Search results

You are looking at 101 - 110 of 1,231 items for :

  • "international law" x
  • Refine by access: All content x
Clear All
Abstract only
Patrick Thornberry

Introduction Introduction Scope of the work: human rights instruments and principles The present work does not attempt to explore the whole of international law as it connects with the indigenous. The focus is principally on human rights instruments and principles. A chapter also attempts to unravel some of the historical underpinnings of the relationship between indigenous peoples and the system we understand as international law. The author broadly shares the sentiments expressed by, inter alios, Brownlie and Merrills,1 in support of the idea that human

in Indigenous peoples and human rights
Abstract only
Concept, definition, process
Patrick Thornberry

1996; Supplementary Working Paper on the Concept of ‘Indigenous Peoples’, E/CN.4/ Sub.2/AC.4/1997/2, 16 June 1997. 2 33 Indigenous peoples in international law of definition were further sharpened by the presentation in 1998 and 1999 of a UN study on treaties, agreements and other constructive arrangements between indigenous peoples and minorities (the Alfonso Martinez report).6 Chief among the study’s conclusions is that specific ‘indigenous peoples’ are marked out in the Americas and Australasia, and that the notion makes little sense in the context of Africa and

in Indigenous peoples and human rights
Tony Blair, humanitarian intervention, and the “new doctrine of the international community”
Jim Whitman

armed forces is much more significant than that: at present—and for the purpose of this discussion, in the UK in particular—moral justifications for military actions do not merely bolster the practical case for action against the strictures of international law and/or popular disquiet: they also facilitate the climate that makes such actions less uniquely challenging—and eventually, unexceptional. This

in Intelligence and national security policymaking on Iraq
Abstract only
Nigel D. White

This chapter examines non-forcible measures adopted by the UN and other IGOs, their legality (both in terms of constitutionality and conformity to international law), legitimacy and effectiveness. Are sanctions used to punish breaches of law by member states or do they serve wider purposes? The main focus will be Article 41 of the UN Charter, a provision that expressly empowers the Security Council to adopt sanctions. It used this power largely against states in the Cold War but, given that the real culprit was not the population of the state but the regime

in The law of international organisations (third edition)

Settlement of disputes under general international law It might seem that the settlement of disputes is a topic that should be addressed in specialised texts, rather than in a general textbook on the law of the sea. There is, however, good reason for offering an overview of dispute settlement at this point. At the heart of the UNCLOS III package deal was an essential

in The law of the sea
David McGrogan

strict they may prove inflexible. This means that standards are best left open-ended, which in turn means that a class of experts must come into existence “with sufficient latitude to adjust and optimise, to balance and calculate.” 5 Implementation of the purpose, in other words, is too nuanced and complex for as blunt an instrument as law, and must be replaced with the “contextual ad hocism ” of technical expertise. 6 The result is a turn to policy making: a shift from “international law’s archaic mores [to] a political science-inspired language of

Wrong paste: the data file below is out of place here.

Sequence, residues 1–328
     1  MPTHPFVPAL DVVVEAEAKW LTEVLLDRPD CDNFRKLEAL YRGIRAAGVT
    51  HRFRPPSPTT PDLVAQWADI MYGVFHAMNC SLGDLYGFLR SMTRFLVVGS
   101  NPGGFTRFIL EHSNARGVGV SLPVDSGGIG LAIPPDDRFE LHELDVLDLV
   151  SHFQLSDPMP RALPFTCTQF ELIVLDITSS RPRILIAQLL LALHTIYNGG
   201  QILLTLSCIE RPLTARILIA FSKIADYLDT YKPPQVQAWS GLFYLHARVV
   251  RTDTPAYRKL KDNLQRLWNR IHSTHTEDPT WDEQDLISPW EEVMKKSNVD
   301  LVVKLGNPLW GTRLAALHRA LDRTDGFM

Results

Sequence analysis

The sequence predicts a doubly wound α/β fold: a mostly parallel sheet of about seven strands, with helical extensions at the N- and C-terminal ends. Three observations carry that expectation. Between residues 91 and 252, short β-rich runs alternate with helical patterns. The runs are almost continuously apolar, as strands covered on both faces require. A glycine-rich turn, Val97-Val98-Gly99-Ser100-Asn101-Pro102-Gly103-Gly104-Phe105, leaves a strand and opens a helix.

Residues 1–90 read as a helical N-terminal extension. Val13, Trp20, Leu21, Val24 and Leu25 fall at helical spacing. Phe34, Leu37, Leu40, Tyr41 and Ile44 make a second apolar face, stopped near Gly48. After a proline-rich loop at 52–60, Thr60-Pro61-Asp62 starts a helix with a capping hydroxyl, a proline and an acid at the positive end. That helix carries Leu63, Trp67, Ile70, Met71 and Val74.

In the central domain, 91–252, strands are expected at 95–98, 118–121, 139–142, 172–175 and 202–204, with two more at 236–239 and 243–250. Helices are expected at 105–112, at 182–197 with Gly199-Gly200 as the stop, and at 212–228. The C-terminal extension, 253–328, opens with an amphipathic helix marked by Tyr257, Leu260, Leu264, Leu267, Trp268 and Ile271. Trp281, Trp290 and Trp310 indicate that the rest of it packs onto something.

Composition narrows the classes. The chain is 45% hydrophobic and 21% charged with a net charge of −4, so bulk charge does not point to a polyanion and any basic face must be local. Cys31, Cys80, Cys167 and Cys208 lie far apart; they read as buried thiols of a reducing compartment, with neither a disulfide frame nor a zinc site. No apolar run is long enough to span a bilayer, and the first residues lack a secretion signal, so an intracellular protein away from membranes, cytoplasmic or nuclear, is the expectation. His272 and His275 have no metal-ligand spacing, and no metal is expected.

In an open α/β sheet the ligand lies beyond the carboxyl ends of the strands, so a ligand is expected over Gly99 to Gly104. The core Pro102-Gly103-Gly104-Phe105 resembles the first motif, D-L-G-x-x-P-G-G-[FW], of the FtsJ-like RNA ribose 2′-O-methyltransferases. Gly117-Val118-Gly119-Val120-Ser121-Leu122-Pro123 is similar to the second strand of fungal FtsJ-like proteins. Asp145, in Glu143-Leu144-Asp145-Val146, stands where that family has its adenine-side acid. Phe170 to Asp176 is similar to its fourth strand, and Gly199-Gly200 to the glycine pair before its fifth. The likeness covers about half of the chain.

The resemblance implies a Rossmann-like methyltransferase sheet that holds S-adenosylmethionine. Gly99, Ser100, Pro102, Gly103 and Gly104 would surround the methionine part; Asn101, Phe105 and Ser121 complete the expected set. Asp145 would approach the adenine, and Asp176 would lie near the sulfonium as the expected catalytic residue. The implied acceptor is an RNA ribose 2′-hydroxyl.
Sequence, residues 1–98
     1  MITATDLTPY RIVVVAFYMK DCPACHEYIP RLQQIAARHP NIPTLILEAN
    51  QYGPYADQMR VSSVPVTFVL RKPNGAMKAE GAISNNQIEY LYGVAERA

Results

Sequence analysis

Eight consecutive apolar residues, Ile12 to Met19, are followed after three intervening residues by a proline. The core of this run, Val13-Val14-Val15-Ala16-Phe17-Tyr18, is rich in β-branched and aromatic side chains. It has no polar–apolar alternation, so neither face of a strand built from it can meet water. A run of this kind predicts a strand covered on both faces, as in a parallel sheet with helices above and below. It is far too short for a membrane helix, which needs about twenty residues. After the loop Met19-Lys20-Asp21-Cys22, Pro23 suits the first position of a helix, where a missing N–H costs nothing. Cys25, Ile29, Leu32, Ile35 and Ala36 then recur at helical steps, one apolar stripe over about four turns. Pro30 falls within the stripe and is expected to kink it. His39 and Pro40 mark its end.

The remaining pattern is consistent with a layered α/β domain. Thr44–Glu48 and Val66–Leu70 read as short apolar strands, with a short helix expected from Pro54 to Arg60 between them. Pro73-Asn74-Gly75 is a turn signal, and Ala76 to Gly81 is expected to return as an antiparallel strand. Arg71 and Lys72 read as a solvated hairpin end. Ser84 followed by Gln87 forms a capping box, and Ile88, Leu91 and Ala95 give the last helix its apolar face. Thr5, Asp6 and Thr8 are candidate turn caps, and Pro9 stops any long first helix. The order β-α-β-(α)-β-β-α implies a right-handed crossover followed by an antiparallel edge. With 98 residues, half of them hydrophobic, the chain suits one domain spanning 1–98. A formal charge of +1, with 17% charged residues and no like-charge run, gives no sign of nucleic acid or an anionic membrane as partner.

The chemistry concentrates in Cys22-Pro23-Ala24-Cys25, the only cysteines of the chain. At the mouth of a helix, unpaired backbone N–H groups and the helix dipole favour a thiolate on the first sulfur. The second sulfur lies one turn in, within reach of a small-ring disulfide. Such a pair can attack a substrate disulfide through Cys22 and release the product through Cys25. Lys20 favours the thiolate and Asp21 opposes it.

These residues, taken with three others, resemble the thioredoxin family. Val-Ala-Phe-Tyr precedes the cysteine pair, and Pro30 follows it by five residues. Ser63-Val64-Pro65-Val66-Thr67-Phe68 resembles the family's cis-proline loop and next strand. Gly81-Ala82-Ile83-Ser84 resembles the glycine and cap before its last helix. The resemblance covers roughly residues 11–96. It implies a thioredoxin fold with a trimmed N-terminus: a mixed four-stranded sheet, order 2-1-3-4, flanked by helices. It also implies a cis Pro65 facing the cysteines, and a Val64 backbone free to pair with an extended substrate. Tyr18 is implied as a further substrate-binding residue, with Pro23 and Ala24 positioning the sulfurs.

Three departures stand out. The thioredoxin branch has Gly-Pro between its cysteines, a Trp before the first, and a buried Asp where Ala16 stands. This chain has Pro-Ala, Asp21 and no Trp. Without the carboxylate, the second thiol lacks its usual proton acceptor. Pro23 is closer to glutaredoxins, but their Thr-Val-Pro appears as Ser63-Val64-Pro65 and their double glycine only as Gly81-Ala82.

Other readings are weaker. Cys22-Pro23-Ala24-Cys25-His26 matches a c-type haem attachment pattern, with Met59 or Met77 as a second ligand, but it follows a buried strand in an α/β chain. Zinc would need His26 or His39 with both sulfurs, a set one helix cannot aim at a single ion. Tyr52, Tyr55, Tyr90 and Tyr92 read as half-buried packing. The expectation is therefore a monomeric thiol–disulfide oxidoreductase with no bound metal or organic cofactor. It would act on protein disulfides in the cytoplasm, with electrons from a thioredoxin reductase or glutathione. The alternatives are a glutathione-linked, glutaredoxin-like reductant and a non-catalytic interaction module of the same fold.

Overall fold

in Critical theory and human rights
Leslie C. Green

: since war is an act of force, there is no logical limit in the application of force . . . attached to force are certain self-imposed imperceptible limitations hardly worth mentioning, known as international law and custom, but they scarcely weaken it. [K]ind-hearted people might . . . think there was some ingenious way to disarm or defeat an enemy without

in The contemporary law of armed conflict
Leslie C. Green

The difficulties Like other branches of international law, the law of armed conflict has, as such, no permanent means to secure its observance. However. the International Criminal Court established by treaty in 1998 has, for parties to its Statute, 1 jurisdiction over war crimes. Moreover, since it is generally accepted

in The contemporary law of armed conflict
Sibylle Scheipers

progress as rationalisation, legalisation and professionalisation. Its proponents interpret the establishment of the ICC as a major step in this direction. Consider for instance a comment published in Le Figaro after the Rome Statute came into effect in 2002: ‘Whatever its detractors might say, the ICC represents a significant advance of international law, a major leap forward in the evolution of a universal conscience and a historical progress towards respecting the dignity of individuals and peoples.’4 One year later, on the occasion of the inauguration of the chief

in Negotiating sovereignty and human rights
Open Access (free)
Reconceptualising states’ obligations in countering VAWH
Sara De Vido

the dimensions. In this section, I will elaborate further the intuition of the CEDAW in GR No. 35 of 2017, which stressed that states have obligations stemming from actions committed by state and non-state 179 DE VIDO 9781526124975 PRINT.indd 179 24/03/2020 11:01 Violence against women’s health in international law actors and, with regard to the former, to ensure that laws, policies, programmes and procedures do not discriminate against women.4 The recommendation does not refer, however, or only partly, to cases in which it is the state that, through its policies

in Violence against women’s health in international law